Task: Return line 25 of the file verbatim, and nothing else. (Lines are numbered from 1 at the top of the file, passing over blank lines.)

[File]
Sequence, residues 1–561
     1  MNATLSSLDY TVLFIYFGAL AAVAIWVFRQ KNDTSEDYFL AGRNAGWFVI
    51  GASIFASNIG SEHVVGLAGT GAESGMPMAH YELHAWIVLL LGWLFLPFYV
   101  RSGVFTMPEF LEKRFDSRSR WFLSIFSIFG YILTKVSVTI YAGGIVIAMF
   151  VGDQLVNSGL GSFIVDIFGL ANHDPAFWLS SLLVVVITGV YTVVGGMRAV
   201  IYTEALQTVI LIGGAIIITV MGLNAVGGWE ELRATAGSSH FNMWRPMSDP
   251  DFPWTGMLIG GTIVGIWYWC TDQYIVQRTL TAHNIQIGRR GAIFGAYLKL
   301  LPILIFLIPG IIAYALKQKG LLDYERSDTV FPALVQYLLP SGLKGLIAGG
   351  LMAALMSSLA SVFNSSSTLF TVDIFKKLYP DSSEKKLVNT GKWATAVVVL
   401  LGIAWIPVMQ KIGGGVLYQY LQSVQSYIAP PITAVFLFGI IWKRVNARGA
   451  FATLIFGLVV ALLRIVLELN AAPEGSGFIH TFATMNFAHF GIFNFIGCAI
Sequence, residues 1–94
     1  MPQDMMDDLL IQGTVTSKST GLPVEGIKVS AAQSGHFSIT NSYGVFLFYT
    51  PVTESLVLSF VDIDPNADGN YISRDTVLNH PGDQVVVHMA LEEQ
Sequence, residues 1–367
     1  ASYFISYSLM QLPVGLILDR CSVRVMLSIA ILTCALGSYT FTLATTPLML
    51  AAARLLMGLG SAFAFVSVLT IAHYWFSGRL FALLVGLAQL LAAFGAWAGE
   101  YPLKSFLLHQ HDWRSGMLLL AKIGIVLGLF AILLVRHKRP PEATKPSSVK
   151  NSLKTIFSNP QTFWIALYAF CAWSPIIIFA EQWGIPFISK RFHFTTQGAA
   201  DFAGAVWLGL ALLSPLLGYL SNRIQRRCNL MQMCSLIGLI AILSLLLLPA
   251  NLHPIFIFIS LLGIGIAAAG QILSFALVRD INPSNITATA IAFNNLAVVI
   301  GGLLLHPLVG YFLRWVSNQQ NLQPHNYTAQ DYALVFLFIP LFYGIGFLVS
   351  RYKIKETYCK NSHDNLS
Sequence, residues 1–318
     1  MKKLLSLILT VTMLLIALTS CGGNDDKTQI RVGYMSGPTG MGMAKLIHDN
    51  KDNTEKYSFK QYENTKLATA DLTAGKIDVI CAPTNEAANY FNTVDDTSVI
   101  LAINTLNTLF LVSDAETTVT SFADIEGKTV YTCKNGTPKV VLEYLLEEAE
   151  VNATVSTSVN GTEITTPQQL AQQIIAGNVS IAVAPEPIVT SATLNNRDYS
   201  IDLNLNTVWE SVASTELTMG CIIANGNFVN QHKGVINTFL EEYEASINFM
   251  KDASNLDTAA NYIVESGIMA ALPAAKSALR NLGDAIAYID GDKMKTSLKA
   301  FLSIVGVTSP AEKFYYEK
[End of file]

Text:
     1  MKKLLSLILT VTMLLIALTS CGGNDDKTQI RVGYMSGPTG MGMAKLIHDN